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Artist Takashi Murakami Decries 'Cool Japan' Program

posted on 2012-01-06 19:53 EST by Jennifer Sherman
Modern artist denounces ad agencies for "simply trying to turn a profit"

The contemporary artist Takashi Murakami (Superflat Monogram, Kaikai & Kiki) criticized the "Cool Japan" campaign on his Twitter account on Friday. "Cool Japan" is a program supported by the Japanese government and various companies that promotes modern Japanese culture such as anime and manga abroad. Murakami stated that he has "absolutely no connection to 'Cool Japan.'"

The program revolves on the premise that Japan's strength in business and international affairs lies in anime, manga, films, fashion, and other fields of Japanese arts and entertainment content. The artist spoke out against advertising agencies' involvement with the initiative because he believes that they exploit the work of Japanese artists to earn a profit. He also said, "I can't understand why artists get involved with the gimmicks of ad agencies who are simply trying to turn a profit with 'Cool Japan.'" Murakami called for advertising agencies and administrators to stop inviting him to events and interviews related to the initiative.

Murakami's own art, influenced by anime, manga, and otaku culture, has appeared as part of commercial campaigns in the past. The artist has worked with Luis Vuitton to design a print for its handbag lines, and with rapper Kanye West to design an album cover and animate a music video.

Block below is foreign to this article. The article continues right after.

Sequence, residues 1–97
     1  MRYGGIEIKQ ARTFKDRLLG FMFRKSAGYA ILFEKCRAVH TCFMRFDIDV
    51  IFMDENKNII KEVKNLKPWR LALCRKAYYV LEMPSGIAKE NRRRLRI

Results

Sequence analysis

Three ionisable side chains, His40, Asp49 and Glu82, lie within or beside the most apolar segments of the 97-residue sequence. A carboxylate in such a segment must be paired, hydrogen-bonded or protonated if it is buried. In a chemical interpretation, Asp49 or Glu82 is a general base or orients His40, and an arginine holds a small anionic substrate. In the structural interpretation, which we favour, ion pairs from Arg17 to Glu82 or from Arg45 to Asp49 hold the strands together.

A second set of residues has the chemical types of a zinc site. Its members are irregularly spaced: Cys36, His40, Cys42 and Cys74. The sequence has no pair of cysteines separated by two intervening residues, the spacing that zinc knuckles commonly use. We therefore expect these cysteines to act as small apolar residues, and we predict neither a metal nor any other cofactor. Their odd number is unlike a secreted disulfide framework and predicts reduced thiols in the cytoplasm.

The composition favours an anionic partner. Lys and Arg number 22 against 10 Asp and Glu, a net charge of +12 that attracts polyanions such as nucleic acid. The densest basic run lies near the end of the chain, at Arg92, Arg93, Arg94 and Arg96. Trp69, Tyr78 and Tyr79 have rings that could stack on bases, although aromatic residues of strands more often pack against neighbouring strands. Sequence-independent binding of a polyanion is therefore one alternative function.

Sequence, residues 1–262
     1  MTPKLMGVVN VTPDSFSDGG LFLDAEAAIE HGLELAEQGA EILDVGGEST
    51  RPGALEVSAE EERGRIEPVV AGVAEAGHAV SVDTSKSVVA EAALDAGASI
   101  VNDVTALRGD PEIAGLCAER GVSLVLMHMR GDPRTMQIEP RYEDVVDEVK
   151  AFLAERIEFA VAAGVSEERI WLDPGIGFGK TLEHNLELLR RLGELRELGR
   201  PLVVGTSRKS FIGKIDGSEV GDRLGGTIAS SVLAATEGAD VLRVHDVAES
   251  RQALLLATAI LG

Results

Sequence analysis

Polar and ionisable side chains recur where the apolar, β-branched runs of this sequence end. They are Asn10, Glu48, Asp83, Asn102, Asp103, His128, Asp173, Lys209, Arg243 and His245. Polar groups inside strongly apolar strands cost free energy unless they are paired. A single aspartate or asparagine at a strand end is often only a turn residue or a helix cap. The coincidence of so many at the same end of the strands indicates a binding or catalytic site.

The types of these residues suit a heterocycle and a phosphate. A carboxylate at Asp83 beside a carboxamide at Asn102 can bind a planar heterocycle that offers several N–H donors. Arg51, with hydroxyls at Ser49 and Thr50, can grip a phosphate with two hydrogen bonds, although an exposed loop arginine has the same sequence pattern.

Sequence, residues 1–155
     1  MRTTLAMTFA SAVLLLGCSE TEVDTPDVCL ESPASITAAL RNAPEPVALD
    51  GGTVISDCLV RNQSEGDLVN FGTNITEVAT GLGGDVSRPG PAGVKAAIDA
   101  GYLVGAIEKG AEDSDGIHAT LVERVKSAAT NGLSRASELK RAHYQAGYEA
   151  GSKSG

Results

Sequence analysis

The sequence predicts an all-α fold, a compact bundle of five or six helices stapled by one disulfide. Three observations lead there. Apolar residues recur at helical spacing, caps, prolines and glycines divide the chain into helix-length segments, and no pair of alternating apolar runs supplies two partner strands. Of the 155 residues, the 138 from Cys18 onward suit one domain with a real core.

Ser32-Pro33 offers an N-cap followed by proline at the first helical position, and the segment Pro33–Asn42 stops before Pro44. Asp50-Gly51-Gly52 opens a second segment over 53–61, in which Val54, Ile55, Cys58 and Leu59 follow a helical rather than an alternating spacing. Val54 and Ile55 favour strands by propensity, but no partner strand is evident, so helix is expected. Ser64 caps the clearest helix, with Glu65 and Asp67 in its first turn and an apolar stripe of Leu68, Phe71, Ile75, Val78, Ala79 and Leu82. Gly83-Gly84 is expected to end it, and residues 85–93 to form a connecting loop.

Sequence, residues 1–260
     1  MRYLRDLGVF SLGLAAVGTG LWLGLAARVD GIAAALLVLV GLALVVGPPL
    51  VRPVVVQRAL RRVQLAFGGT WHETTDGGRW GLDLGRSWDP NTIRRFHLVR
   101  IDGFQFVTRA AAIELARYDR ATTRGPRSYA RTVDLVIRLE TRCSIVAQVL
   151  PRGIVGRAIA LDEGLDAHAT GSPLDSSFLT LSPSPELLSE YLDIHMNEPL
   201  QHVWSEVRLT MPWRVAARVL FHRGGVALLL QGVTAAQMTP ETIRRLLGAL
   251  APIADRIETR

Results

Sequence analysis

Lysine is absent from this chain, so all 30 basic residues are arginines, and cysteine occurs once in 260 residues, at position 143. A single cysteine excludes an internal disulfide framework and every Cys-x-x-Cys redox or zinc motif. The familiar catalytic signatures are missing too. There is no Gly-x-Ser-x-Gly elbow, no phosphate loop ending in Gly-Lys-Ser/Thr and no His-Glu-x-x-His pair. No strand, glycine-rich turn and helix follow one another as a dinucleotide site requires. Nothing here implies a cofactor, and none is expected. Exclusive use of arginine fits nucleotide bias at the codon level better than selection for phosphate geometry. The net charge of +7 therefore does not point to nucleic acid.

Time magazine named Murakami as one of the 100 most influential people in the world in 2008. In 2009, Murakami created a music video titled "Akihabara Majokko Princess," directed by Terminator Salvation director McG and starring actress Kirsten Dunst. The pop artist held a controversial art exhibit in France's Chateau of Versailles in 2010 and created the "Six Hearts Princess" anime for the show. Murakami also exhibited his art in Madrid, Spain in 2010 and 2011 and in London this past summer.

Researchers at Tokyo Polytechnic University conducted a survey of Japan's public opinion on "Cool Japan" in 2010. Only 29.0% of the respondents had heard of the term, and only 4.6% said that they were familiar with what the term means. When asked about which fields they want to introduce to the world as "Cool Japan," "animation" and "manga" were the top choices.

Sources: Spoon & Tamago, Artinfo

Twitter translations via Spoon & Tamago

Image © 2010-2011 Kaikai Kiki Co., Ltd.


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